If the prices have to go up in order to maintain the same level of staffing, then some customers may now be priced out of the establishment, as they’re financially affected by the pandemic as well.
The brands of alcohol purchased by the establishment may also change: a package by the smaller craft producer that’s normally $45 per case or $200 per keg may be passed over for a cheaper $23 case and $60 keg in order for the establishment to maintain its customer service level of staffing and pricing.
Something will have to give. Bars, restaurants, wineries, breweries, cideries, meaderies and distilleries will suffer and, in many cases, cease doing enough business to survive their existing debt loads.
RL: It’s obvious that all segments of the industry have seen growth from new entries—that is, companies and brands opening in the past eight or more years. Some of these segments have triple-digit growth. This caused the glass for the consumer to be overflowing with overloads in brand, flavor, style and marketing. There’s no loyalty to a brand in the new 21–28 age range due to the influx of offerings. To stop the glass from overflowing, you have the following options:
1. Get a bigger glass.
2. More space in retail stores, as the stores aren’t getting any bigger. B: More stores, but with the cost of real estate and larger corporate retail stores the “A locations” are gone and a “C location” won’t deliver a ROI.
3. Turn off the faucet. Stop the “overflow abundance.” The thinning of the crowd needed to happen, but it’s unfortunate that a worldwide pandemic life scare is what it took. Think of Mother Nature and our farmers who produce ingredients to make these beverages. They burn off their fields after harvest to create new healthy growth for the coming year.
SS: The mid-size and larger distillers will benefit from this pandemic. Part of what has hindered their typical growth patterns is the number of new entrants and the plethora of local distillers who often gain favor.
The second tier puts an incredible focus on companies that provide their quickest pathway to recovery/profitability, which will likely cause some brands to have even less attention. I believe some brands will be delisted before that dance plays out.
Once we reach the third tier, the on-trade will rely on brands that provide value and support. Off-trade is doing very well, but I don’t foresee these profits being poured into unsupported/unknown craft brands, as consumer confidence isn’t likely to be there to warrant the investment to carry them.
BM: In what ways is a relaunch plan essential now, and how can a producer formulate one? What might it entail?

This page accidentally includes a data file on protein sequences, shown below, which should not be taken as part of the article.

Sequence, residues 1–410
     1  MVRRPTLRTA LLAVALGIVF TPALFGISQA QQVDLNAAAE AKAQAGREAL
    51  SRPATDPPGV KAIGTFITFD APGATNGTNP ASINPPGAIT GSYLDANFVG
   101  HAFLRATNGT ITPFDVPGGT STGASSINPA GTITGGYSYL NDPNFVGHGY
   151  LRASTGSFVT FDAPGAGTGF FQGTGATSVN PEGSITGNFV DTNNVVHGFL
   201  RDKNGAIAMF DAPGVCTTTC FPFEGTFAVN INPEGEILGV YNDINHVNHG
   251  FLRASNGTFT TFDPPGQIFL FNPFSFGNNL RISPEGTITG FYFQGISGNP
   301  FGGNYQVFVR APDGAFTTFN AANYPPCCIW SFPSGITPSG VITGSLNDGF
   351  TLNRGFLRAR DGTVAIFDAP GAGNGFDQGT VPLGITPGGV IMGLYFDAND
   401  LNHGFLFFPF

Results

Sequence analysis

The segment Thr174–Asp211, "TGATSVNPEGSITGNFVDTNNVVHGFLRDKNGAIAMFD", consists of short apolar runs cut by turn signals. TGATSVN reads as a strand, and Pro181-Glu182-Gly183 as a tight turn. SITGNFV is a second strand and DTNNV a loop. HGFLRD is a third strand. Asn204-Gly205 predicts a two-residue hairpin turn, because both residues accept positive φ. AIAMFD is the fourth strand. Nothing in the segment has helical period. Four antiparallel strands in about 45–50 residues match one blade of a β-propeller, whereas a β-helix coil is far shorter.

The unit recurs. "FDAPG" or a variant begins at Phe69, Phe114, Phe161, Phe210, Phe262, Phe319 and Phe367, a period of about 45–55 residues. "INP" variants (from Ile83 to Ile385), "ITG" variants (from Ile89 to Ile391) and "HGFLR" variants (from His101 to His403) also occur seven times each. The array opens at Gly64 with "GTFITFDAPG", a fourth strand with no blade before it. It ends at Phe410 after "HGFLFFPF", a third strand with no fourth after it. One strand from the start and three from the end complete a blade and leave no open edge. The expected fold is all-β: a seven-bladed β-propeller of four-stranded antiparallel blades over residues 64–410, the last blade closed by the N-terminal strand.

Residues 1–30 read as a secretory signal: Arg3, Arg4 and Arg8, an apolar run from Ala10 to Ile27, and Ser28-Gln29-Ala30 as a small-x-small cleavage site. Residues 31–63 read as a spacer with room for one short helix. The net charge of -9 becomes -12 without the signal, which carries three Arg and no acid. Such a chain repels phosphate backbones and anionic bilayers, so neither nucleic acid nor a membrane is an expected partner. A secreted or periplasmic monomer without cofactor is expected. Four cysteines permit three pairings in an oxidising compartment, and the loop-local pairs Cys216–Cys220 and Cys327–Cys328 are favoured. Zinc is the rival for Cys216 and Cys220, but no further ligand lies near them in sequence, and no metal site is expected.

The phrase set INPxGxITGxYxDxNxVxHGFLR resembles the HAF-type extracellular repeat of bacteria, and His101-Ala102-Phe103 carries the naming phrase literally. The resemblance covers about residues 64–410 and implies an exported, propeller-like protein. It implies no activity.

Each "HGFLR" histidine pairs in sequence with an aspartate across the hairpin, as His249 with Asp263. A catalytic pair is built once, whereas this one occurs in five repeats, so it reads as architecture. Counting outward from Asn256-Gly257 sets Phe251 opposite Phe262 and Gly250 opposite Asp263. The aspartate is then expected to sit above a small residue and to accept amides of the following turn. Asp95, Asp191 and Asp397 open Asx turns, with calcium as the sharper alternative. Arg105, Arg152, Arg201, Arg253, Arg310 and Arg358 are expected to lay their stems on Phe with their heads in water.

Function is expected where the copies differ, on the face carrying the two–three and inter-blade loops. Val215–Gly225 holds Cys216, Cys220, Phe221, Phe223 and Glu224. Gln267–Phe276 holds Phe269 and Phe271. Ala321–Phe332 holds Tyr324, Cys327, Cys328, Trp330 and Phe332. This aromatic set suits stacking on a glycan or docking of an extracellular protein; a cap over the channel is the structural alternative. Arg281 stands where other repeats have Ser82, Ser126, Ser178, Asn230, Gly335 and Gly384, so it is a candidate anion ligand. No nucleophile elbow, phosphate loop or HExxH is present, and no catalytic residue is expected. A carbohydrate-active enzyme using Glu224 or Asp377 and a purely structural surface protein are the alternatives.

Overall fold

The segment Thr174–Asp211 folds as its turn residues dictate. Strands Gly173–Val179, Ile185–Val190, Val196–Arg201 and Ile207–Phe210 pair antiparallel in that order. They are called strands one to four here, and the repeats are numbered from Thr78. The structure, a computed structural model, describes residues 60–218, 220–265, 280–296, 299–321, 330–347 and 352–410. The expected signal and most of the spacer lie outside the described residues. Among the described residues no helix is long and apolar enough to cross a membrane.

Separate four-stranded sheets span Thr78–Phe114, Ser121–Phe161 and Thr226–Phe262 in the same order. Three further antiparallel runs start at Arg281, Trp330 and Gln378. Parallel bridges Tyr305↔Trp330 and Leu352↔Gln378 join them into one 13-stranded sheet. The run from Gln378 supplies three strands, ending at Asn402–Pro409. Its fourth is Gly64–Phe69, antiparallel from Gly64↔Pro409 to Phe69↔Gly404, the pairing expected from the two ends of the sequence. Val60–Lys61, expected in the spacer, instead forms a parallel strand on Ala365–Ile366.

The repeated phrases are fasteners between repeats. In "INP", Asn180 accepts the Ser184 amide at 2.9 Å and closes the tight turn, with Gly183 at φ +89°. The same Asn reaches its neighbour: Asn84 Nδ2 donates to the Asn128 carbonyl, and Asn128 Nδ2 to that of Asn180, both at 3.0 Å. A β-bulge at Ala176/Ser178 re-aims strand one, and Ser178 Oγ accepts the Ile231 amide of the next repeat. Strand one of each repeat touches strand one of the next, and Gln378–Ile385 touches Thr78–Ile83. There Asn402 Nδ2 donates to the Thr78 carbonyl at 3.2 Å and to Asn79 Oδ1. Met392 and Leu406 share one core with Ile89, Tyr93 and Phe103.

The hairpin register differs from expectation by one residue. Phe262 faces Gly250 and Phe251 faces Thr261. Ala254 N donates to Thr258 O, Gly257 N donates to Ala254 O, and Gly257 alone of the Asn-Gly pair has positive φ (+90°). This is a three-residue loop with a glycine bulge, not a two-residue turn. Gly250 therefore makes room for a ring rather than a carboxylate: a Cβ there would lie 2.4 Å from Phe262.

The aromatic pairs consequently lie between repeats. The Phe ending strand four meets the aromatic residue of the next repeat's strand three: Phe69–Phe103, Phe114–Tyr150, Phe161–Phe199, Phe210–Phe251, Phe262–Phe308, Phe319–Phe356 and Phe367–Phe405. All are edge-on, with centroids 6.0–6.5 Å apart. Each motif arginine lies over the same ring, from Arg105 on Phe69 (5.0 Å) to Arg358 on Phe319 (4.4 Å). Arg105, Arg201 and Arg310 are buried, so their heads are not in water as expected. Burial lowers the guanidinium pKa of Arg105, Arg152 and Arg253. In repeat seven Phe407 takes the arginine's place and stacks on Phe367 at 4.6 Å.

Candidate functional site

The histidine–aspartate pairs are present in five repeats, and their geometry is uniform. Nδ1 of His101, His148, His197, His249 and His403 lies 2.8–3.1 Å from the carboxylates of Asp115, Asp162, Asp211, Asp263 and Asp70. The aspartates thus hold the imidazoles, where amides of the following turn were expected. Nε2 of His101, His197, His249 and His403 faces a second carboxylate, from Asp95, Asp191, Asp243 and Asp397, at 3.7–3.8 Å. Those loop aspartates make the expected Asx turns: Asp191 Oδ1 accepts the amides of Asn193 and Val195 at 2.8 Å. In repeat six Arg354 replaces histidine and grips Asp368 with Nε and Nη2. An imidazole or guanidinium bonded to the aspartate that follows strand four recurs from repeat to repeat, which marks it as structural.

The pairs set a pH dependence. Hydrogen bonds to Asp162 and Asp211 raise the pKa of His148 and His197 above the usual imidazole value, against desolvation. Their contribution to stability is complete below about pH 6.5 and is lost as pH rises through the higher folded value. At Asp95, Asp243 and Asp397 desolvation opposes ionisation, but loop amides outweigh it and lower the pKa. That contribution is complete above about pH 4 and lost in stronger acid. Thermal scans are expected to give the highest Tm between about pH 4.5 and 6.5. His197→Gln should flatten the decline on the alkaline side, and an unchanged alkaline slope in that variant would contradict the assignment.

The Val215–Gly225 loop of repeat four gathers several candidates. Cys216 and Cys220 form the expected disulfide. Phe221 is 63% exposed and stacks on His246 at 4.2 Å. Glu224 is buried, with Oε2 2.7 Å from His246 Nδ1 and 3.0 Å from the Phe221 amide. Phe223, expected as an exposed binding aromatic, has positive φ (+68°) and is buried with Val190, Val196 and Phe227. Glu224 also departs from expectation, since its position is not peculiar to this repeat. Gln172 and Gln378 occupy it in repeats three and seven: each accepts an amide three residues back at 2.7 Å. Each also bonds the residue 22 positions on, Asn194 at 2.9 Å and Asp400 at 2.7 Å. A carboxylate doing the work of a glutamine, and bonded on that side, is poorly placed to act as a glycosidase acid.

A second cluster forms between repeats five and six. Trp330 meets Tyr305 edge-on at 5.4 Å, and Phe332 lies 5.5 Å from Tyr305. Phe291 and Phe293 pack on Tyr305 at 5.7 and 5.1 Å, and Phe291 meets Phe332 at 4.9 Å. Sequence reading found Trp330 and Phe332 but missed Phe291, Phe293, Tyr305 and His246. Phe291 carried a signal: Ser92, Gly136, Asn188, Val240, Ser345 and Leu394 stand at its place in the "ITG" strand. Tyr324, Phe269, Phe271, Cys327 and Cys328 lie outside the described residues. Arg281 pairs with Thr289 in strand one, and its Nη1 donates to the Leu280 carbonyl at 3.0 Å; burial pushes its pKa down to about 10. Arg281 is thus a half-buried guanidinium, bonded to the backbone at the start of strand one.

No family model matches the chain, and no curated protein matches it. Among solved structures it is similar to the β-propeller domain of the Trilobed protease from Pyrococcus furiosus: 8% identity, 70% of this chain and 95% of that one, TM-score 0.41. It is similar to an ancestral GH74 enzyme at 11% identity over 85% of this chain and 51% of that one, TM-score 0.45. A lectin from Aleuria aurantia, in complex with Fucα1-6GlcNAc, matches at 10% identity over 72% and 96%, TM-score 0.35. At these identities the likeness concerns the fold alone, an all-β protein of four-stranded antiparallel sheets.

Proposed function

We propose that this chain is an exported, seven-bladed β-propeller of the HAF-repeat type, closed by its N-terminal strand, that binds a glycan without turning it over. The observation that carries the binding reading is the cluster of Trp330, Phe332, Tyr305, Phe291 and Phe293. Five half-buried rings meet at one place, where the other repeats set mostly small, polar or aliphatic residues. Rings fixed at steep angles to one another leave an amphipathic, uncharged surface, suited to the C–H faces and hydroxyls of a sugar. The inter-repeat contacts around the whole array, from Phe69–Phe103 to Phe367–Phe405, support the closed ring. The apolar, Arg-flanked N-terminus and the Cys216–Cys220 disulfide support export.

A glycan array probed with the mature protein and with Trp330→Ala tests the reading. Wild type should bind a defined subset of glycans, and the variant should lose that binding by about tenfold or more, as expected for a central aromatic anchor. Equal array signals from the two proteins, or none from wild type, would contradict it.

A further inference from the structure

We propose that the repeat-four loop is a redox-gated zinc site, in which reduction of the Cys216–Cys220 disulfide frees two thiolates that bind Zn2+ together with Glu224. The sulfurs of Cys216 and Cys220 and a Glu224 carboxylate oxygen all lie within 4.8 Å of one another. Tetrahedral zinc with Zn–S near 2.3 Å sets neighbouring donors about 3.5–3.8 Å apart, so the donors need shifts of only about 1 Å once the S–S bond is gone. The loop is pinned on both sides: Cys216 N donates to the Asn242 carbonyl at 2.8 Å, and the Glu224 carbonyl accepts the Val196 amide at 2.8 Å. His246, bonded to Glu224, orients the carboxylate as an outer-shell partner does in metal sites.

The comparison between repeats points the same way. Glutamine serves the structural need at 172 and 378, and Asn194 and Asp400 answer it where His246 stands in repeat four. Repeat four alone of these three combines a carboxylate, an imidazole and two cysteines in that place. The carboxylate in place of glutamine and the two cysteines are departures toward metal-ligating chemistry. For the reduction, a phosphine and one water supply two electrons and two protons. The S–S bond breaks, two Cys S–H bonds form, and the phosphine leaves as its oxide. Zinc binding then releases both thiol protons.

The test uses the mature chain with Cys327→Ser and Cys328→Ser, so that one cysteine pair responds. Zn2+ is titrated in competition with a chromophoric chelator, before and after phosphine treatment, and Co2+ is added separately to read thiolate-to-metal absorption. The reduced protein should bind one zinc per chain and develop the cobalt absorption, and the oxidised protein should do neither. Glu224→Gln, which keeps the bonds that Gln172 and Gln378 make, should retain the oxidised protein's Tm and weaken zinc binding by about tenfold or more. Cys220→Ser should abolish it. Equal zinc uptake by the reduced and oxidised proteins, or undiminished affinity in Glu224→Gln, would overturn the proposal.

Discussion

JH: I tend to have three or more plans for almost every situation—you can never be too ready, but you can always be underprepared. One may ask how to prepare as a producer. In order to plan, know your business history:
• Where have you struggled before?
• Where were you suffering most recently?
• How agile is your marketing team to communicate your company’s changes, and in a tone that maintains a positive message?
• How agile is your production team in shifting from kegs to package?
• How able is your operations team to facilitate the changes that need done: ordering disposable growlers, cans, contactless delivery material, etc.
• How able are you as the proprietor to manage the economic responsibilities needed to maintain changes in your company?
• Are you able to make hard decisions as needed?
• Laying off or furloughing a long-time employee is incredibly hard to do. Do you have a support system yourself for this?
Account for everything that has happened and can happen.
RL: What is the saying: “You have one chance to make a good impression?” Well, now you have a second chance! Look at your original business plan and model and select all the positives—then write a new one. You can remove things you did wrong and implement those you thought of after the fact. You know more now, but not everything. So source out what you don’t know, a.k.a, “phone an expert.”
SS: No matter how this pandemic is influencing your business, it’s vital to create a strategic plan with several pathways and outcomes, for there is only one who is all-knowing in this unknown, and that is neither you nor me.
With plans in place, financial models need to be built to ascertain how much time you have, and along with an awareness of critical decisions and time periods. Assigning weights to the various outcomes also allows you to make a calculated risk assessment on what should even be attempted.
BM: What top three action items do you recommend to producers right now?